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1957 Ferrari 500 TRC

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The 500 TR, meaning Testa Rossa after their red-topped cylinder heads, was introduced in 1956 as a replacement for the 500 Mondial. These machines were designed and built for customers with only a few being entered by the factory in races.

As was the case with many early Ferrari's, the body work was handled by custom coachbuilders. Three examples were bodied by Touring, their designs being easily distinguished by their large front wheel arches.

Gioacchino Colombo started out being the primary builder of Ferrari's engines in the late 1940's and a major contributor to the success of Ferrari. Aurelio Lampredi became his assistant in 1947. Lampredi soon became convinced that a large engine that was naturally aspirated would have better fuel economy and provide more power. Colombo was of the belief that a smaller engine compiled with a supercharger would produce better results. Ferrari tested Lambredi's idea and proved it to be successful. Lampredi was promoted to chief design engineer and Colombo returned to Alfa Romeo. The Lampredi engines were used in the ladder part of the 1950's.

Ferrari's V-12 engines had dominated the Formula 2 class in 1949. Enzo also realized the benefits of using a smaller engine, such as less fuel consumption and a decrease in weight. He instructed Lampredi to design a four-cylinder engine that could potentially replace the Colombo designed V12. This project was given a low priority until the regulations for the World Championship changes switched to those of Formula 2.

In 1952 a Lampredi developed 2-liter, alloy engine was introduced and fitted in a 500 F2. The vehicle driven by Ascari captured the World Championship and again the following year. Lampredi also developed a 2.5-liter version of the four-cylinder engine.

The body of the 500 TR was designed by Scaglietti and the engine was a 2.5-liter Lampredi engine. In 1956 it was debuted at the Monza Supercortemagiore where it was driven by Mike Hawthorn and Peter Collins. When the checkered flag dropped, it the 500 TR that had made it to the finish line first.

The design and capability of the 2.5-liter engine were further explored with continual improvements that increased the car's potential. It was to be entered in Le Mans but rulers were changed and Ferrari was forced to comply with new 'Appendix C' regulations for sports cars. The rules included a windshield and a passenger door. In 1957, Ferrari complied by introducing the 500 TRC, a 500 TR with a slightly modified body. Only 19 of the 500 TRC were ever created.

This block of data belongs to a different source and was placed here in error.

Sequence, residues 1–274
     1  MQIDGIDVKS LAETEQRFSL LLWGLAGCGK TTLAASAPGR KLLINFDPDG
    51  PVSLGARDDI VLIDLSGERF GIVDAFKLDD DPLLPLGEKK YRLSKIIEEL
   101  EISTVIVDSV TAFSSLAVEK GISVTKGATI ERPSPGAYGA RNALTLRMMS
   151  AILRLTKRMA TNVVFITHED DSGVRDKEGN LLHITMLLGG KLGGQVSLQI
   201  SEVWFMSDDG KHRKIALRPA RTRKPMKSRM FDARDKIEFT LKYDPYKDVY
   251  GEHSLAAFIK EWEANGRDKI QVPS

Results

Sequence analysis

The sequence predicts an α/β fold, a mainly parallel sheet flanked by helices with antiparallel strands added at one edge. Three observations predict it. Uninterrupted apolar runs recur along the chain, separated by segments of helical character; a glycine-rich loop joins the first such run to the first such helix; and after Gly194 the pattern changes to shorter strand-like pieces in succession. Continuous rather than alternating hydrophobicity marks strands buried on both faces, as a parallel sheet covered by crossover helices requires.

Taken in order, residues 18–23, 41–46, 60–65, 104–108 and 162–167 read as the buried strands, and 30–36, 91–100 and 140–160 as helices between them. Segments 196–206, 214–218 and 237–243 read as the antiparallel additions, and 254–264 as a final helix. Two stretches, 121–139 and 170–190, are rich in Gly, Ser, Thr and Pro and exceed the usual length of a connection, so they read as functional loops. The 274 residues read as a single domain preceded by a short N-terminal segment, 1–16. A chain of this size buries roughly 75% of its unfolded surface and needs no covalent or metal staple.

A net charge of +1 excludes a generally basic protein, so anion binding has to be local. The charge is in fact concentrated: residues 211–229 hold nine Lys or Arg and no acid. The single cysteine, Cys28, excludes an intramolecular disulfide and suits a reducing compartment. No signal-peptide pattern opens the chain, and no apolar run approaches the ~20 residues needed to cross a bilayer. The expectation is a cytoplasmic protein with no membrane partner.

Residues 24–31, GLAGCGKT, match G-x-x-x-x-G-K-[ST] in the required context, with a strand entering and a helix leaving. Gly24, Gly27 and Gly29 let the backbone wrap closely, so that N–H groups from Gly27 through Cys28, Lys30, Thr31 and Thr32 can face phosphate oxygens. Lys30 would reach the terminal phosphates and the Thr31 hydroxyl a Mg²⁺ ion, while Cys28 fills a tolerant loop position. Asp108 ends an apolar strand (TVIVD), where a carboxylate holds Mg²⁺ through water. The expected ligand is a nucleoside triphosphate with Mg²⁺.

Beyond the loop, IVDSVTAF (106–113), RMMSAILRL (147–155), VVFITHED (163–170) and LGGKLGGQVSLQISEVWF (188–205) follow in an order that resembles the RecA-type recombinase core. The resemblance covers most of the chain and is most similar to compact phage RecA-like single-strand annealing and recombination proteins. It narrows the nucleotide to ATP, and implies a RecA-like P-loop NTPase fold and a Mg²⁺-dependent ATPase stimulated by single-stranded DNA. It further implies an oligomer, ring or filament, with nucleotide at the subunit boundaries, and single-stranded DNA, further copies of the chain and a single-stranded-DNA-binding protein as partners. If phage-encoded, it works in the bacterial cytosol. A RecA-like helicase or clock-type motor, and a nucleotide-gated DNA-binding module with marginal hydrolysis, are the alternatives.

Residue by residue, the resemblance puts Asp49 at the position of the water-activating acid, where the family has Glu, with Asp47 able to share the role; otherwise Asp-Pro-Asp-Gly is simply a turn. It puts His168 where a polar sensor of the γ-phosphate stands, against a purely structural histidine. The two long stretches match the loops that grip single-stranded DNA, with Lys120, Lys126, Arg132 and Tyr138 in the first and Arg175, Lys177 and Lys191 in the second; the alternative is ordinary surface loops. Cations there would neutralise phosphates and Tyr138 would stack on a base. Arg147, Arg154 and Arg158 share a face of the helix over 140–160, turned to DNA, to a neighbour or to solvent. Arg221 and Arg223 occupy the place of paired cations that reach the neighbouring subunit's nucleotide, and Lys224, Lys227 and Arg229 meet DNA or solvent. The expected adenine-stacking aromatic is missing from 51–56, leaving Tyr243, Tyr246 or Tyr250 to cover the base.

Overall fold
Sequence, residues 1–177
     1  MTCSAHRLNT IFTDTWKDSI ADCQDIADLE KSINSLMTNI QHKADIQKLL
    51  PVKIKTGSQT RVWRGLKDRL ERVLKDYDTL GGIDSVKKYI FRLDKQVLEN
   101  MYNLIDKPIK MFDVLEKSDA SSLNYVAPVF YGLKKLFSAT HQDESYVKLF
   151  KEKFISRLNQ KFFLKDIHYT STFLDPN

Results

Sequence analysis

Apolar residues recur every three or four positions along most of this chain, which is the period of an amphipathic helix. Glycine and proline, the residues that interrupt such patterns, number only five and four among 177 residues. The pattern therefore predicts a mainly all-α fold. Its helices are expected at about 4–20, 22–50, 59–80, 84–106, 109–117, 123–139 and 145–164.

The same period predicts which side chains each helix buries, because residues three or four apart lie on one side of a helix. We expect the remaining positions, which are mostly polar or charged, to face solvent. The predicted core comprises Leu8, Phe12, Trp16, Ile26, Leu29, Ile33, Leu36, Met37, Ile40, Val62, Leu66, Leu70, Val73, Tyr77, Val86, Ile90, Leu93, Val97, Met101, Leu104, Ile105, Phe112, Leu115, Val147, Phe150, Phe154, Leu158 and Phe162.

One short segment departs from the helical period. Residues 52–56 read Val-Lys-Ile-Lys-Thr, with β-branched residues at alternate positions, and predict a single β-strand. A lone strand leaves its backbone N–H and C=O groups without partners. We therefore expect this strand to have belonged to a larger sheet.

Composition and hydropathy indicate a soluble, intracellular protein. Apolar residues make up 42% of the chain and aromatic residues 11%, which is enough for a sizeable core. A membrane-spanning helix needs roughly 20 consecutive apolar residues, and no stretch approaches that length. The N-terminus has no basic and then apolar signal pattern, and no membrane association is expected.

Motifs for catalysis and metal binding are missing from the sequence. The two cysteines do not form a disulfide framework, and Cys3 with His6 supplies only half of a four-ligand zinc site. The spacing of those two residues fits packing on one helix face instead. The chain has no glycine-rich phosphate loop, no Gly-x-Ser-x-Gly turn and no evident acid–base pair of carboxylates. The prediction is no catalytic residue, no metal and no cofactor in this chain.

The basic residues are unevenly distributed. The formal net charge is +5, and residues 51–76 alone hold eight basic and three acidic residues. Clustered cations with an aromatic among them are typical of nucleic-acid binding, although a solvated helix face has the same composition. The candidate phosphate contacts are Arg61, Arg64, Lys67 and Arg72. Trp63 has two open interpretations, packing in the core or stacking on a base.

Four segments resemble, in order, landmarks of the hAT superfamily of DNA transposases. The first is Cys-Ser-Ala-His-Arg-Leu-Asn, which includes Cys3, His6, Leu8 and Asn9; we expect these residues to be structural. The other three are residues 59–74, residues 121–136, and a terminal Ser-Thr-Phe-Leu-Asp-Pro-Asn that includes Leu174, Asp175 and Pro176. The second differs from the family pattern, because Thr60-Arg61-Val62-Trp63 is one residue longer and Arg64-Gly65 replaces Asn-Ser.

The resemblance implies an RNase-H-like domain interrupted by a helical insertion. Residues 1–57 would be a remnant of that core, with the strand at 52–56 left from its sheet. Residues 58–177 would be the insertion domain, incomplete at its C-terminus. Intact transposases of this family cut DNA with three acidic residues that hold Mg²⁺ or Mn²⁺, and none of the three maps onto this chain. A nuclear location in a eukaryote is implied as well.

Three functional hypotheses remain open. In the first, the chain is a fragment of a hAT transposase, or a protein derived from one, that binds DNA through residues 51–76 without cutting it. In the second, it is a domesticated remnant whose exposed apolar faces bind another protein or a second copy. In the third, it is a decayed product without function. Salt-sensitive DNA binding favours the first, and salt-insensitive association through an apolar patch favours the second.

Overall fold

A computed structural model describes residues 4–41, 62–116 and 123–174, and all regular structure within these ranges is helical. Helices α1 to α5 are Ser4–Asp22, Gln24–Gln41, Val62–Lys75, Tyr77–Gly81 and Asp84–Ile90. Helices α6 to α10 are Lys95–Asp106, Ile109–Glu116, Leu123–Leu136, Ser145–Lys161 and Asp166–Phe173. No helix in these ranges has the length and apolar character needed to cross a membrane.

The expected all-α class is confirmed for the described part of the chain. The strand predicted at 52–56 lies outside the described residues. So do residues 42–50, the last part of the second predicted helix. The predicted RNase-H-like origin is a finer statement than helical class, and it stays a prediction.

The 500 TRC was first raced at Avandaro, Mexico where it dominated the track and easily won first place. That race was followed with eight other victories including Laguna Seca. The four-cylinder engine was capable of producing 190 horsepower and was capable of carrying the 1500 pound TRC to a top speed of just over 160 mph.

This car proved its abilities as a four-cylinder machine and often challenged competitors with larger, more powerful engines. Its agility and durability were legendary and with a limited number of the TRC models produced, their exclusivity is forever guaranteed.


by Daniel Vaughan | Aug 2006
Vehicle Profiles
1957 Ferrari 500 TRC vehicle information
Spider
Designer: Scaglietti

Chassis Num: 0690 MDTR

1957 Ferrari 500 TRC vehicle information
Spider
Designer: Scaglietti

Chassis Num: 0670 MDTR
Engine Num: 0670 MDTR

1957 Ferrari 500 TRC vehicle information
Spider
Designer: Scaglietti

Chassis Num: 0702MDTR

1957 Ferrari 500 TRC vehicle information
Spider
Designer: Scaglietti

Chassis Num: 0698MDTR

1957 Ferrari 500 TRC vehicle information
Spider
Designer: Scaglietti

Chassis Num: 0662 MDTR

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